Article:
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The creative ways in which the varied direct involvement aspect has been included by producers in the genre also has to do with technology. Programs where the audience participates in decision making, like when the audience chooses a winner in a program via voting on site or by cell phone text messages are common, as are other audience participation tactics, like on new themed game shows when the audience gives a hint to the contestant and the contestant can then view the percentages of answers. These are just a few examples of how the industry has answered the audience participation draw of the reality genre, though the same research derived study also found that voyeurism is a secondary and limited aspect of the draw to reality TV.
Papacharissi, and Mendelson 355)
Viewers valued the entertainment and habitual pass time motives over that of voyeurism, which was fairly surprising, considering that popular folklore frequently describes vicarious living through reality characters as one of the top appeals of reality TV. Still, this does not imply that voyeurism is not present as a motive and possible gratification obtained from watching reality TV; it is present, but not the most important motive. This is consistent with the findings of Nabi et al. (2003), who found that curiosity was not a significant motive for studying reality television, and Reiss and Wiltz (2004), who perceived voyeurism as only a means to attaining fundamental motives. Either voyeurism is not the most popular motive for watching reality TV, or respondents are reluctant to report voyeuristic tendencies on a self-report measure like a survey, for fear that it might be perceived as socially undesirable.
Papacharissi, and Mendelson 355)
Reality television is a way for the public to interact with one of their favorite media pastimes, television. It is in fact investment that keeps people watching, rather than the desire to see how others live in a private setting.
The cooperation between reality and drama is clearly evidence in the genre, and most adults can discern that given the venue of the program it is more or less driven by the context creation and the editing process. One aspect of the genre that has yet to be discussed in the literature, that have found is how individual characters within the programs support or contradict individual behaviors. In other words are people more drawn to programming where individuals within it can be perceived to be more or less like themselves? What is true and can be easily evidenced is that reality television is exceedingly popular.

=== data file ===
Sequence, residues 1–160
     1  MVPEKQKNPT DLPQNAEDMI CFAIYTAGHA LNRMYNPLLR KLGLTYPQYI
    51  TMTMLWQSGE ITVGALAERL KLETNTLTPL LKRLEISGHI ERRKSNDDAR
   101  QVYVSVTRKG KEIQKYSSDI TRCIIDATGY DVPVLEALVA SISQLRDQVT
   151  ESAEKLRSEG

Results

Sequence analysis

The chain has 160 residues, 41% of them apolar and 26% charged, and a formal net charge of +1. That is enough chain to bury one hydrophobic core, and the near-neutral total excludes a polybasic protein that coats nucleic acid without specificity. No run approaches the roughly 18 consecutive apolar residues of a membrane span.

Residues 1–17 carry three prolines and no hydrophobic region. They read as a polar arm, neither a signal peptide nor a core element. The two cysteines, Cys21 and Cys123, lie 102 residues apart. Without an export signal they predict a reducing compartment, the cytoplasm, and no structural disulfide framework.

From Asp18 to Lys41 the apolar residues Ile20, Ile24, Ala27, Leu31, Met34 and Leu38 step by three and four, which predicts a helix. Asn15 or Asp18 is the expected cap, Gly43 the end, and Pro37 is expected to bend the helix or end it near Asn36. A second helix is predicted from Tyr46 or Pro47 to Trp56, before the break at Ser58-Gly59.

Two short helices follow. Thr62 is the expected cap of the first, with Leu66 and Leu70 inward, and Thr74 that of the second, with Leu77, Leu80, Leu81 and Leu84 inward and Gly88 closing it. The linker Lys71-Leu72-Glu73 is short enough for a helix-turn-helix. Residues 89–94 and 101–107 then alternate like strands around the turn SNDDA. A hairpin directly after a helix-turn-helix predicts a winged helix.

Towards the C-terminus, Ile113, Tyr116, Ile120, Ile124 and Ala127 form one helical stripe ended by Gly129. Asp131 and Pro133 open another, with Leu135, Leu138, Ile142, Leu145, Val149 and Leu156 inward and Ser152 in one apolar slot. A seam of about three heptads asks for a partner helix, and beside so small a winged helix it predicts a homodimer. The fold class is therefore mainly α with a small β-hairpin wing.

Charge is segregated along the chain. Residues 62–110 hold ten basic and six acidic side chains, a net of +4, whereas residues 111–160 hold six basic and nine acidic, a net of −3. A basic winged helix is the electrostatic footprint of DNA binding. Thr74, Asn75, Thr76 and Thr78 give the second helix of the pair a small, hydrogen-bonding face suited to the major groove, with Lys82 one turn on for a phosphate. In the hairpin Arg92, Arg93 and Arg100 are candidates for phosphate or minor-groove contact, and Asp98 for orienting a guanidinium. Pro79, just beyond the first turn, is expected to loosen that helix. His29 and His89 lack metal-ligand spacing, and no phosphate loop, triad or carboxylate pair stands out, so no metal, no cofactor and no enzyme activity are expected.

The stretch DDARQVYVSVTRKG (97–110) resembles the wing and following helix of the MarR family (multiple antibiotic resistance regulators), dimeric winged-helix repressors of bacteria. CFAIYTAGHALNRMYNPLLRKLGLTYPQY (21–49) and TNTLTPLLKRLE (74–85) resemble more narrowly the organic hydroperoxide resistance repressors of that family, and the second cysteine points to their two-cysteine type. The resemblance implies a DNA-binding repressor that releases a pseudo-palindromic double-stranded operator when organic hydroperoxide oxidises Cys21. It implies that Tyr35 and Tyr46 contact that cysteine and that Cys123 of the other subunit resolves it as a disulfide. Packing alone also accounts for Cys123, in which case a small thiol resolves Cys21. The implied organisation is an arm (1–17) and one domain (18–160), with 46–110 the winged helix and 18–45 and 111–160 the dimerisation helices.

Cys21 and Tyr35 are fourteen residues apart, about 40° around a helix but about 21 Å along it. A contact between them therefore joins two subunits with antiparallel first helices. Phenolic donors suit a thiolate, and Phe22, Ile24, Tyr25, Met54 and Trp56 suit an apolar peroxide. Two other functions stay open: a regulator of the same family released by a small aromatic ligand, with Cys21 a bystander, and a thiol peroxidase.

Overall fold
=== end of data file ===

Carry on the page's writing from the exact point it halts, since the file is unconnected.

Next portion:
If the networks are addicted to the profits of reality television, audiences are likewise hooked on the product. These shows are among the most popular on the schedule. In a typical week during the period when the survey was administered, March 8-14, 2004, reality programming filled 4 of the top 10 slots of most watched shows, according to Nielsen Media Research ("Top Ten," 2004). In January 2004, reality shows on FOX, CBS, ABC, and the WB easily beat each network's average ratings in the 18- to 34-year-olds demographic (Adalian, 2004). As a further testament to reality television's prominence, in 2003 the Academy of Television Arts and Sciences gave its first award in the category "Outstanding Reality/Competition Program" to the Amazing Race.
Leone, Peek, and Bissell 253)
As Hill points out early in her work "reality television" is not mean to be real and such a controversy is relatively mute as it does not bode well with the viewer, who would rather just watch it and accepts what they wish to be true and the producers who would rather just keep making it and making money off it. Though some are concerned about the effects such television might have on children, who might be predisposed to believe it over other types of television because it is labeled "reality."
Davies 1) the overall response by the public is positive as more and more programs percolate through the whole of the television media and viewership continues to increase.
Davies, Maire Messenger. Fake, Fact, and Fantasy: Children's Interpretations of Television Reality. Mahwah, NJ: Lawrence Erlbaum Associates, 1997.
Hill, Annette. Reality TV: Audiences and Popular Factual Television. New York: Routledge, 2005.
Leone, Ron, Wendy Chapman Peek, and Kimberly L. Bissell. "Reality Television and Third-Person Perception." Journal of Broadcasting & Electronic Media 50.2 (2006): 253.
Papacharissi, Zizi, and Andrew L. Mendelson. "An Exploratory Study of…[continue]
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